Claire Gullander-Drolet writes and researches on translation, transpacific cultural production, and the environment. She earned her PhD in English from Brown University in 2019 and was a visiting assistant professor at Clark University during the 2019-2020 academic year. Her writings have appeared in The Journal of Transnational American Studies, Resilience: A Journal of the Environmental Humanities, Another Gaze: A Feminist Film Journal, and The Asia Literary Review.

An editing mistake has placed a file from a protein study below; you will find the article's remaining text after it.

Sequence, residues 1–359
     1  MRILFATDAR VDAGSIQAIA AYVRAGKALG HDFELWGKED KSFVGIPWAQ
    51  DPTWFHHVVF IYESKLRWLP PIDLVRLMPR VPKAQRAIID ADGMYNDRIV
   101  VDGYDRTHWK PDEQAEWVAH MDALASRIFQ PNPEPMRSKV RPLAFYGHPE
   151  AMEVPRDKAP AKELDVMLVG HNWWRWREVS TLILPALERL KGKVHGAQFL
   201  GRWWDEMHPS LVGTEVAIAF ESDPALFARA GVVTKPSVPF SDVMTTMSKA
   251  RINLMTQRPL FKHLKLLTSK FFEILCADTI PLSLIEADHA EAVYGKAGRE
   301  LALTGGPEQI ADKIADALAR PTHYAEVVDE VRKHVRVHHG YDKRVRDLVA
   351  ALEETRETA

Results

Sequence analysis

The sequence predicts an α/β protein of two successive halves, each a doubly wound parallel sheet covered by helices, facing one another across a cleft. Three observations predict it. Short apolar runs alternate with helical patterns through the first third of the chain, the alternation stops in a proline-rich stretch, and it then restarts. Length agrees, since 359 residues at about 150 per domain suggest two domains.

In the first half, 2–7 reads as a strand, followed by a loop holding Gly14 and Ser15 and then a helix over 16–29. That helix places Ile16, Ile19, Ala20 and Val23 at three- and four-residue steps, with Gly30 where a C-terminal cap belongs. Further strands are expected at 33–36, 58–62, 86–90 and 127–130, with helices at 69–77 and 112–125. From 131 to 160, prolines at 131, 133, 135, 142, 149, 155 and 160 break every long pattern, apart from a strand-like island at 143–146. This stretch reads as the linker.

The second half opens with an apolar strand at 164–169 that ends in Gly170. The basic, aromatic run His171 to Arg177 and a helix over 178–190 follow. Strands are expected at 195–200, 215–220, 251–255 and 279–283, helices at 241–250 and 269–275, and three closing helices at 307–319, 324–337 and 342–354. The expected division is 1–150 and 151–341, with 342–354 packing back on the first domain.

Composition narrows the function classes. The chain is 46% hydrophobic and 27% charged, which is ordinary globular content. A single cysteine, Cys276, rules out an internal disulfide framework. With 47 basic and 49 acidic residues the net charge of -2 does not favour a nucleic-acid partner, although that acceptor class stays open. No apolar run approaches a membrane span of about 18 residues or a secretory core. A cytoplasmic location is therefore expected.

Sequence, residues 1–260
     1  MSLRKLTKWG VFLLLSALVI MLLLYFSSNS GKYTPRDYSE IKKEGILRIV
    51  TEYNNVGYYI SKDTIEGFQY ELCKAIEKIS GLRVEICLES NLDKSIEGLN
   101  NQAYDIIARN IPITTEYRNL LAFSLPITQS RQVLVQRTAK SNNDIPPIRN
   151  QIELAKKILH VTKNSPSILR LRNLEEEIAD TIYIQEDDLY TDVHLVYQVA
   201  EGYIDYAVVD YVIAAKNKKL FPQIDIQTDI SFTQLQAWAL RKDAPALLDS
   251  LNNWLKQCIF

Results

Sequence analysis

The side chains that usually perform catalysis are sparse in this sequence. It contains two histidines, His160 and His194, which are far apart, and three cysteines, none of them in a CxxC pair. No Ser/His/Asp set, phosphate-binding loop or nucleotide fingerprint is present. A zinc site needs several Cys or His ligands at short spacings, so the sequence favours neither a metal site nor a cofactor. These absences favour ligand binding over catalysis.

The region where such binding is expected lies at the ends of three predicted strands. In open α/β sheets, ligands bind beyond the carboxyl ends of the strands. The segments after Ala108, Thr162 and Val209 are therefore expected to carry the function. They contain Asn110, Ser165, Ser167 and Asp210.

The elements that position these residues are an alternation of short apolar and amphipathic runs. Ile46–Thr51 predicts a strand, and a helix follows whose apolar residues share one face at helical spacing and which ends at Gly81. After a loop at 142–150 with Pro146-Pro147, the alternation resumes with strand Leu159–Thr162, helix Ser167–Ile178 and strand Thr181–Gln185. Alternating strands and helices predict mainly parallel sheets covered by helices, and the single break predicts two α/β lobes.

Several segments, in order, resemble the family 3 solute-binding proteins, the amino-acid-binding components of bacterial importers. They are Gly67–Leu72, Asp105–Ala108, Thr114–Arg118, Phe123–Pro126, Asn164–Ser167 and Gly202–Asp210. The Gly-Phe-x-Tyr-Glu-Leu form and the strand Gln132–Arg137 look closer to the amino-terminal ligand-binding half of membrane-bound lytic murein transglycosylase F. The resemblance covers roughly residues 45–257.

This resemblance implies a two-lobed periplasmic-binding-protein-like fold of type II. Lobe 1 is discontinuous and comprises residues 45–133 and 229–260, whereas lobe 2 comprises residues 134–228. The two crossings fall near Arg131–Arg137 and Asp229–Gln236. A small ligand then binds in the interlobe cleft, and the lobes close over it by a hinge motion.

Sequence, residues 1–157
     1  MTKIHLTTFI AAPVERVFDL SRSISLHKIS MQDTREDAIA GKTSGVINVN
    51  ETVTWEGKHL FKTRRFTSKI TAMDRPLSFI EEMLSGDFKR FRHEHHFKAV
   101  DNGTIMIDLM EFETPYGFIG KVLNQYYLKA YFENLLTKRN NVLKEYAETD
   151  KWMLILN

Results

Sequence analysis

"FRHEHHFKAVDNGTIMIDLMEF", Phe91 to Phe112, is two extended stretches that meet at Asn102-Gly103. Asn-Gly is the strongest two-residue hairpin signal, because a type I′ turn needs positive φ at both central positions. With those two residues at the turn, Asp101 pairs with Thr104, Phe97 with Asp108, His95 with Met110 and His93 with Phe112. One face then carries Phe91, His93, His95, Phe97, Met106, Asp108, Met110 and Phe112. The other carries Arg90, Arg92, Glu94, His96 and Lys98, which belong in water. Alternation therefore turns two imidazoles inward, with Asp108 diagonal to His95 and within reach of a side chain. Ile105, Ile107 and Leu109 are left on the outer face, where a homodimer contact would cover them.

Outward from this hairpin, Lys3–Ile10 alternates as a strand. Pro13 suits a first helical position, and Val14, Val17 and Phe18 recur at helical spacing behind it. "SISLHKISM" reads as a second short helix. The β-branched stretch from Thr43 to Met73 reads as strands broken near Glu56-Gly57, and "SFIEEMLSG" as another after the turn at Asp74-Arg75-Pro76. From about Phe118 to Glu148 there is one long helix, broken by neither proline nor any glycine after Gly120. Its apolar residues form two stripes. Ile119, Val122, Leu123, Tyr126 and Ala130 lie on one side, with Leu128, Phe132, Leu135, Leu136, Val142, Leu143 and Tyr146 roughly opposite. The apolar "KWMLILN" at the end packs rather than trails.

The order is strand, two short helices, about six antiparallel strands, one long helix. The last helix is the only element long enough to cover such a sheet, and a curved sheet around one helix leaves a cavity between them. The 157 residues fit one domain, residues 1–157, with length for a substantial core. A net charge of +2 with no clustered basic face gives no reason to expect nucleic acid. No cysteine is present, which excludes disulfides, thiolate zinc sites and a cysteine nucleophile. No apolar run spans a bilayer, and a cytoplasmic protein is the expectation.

At HKU, Claire will complete work on her first monograph, The Politics of Impurity: Asian/American Environmental Fiction and the Transpacific Turn. This project examines a body of contemporary Asian/American literature and film that mobilizes interlingual translation as a heuristic for the temporality of environmental crisis. Reconsidering such crucial events as the atomic bombs at Hiroshima and Nagasaki during World War II, the nuclear disaster at Fukushima, and the “Great Pacific Garbage Patch,” The Politics of Impurity argues that the histories of the transpacific are not limited to human conflict, but encompass violent encounters among nonhuman animals, material objects, and ecosystems as well. Through close readings of work by Ruth Ozeki, Karen Tei Yamashita, Han Kang, and Bong Joon-ho, this project considers how transpacific authors and filmmakers approach the representational problem of environmental slow violence through moments of translational failure, mistranslation, or deferral. Situating the erasure of transpacific slow violence within the context of discourses of US national purity, The Politics of Impurity argues that these cultural producers reclaim impurity as a generative category, one that can recuperate marginalized histories and dilate space for imagining alternative political and environmental futures.